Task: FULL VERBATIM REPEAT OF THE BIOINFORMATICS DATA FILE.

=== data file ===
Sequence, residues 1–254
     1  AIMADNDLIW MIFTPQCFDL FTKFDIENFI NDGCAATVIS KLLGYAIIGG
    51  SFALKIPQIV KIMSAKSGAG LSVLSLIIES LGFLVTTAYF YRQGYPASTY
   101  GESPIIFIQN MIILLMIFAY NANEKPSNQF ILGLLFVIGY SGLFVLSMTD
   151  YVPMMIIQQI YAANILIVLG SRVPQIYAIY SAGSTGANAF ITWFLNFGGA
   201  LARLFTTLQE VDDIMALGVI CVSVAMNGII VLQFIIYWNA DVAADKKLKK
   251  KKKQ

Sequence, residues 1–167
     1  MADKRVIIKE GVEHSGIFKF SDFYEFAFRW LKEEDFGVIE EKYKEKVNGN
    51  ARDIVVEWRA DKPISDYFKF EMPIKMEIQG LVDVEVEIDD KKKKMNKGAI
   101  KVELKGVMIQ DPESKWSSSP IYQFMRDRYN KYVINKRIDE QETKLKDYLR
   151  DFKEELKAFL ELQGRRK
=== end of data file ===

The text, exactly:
Sequence, residues 1–254
     1  AIMADNDLIW MIFTPQCFDL FTKFDIENFI NDGCAATVIS KLLGYAIIGG
    51  SFALKIPQIV KIMSAKSGAG LSVLSLIIES LGFLVTTAYF YRQGYPASTY
   101  GESPIIFIQN MIILLMIFAY NANEKPSNQF ILGLLFVIGY SGLFVLSMTD
   151  YVPMMIIQQI YAANILIVLG SRVPQIYAIY SAGSTGANAF ITWFLNFGGA
   201  LARLFTTLQE VDDIMALGVI CVSVAMNGII VLQFIIYWNA DVAADKKLKK
   251  KKKQ

Sequence, residues 1–167
     1  MADKRVIIKE GVEHSGIFKF SDFYEFAFRW LKEEDFGVIE EKYKEKVNGN
    51  ARDIVVEWRA DKPISDYFKF EMPIKMEIQG LVDVEVEIDD KKKKMNKGAI
   101  KVELKGVMIQ DPESKWSSSP IYQFMRDRYN KYVINKRIDE QETKLKDYLR
   151  DFKEELKAFL ELQGRRK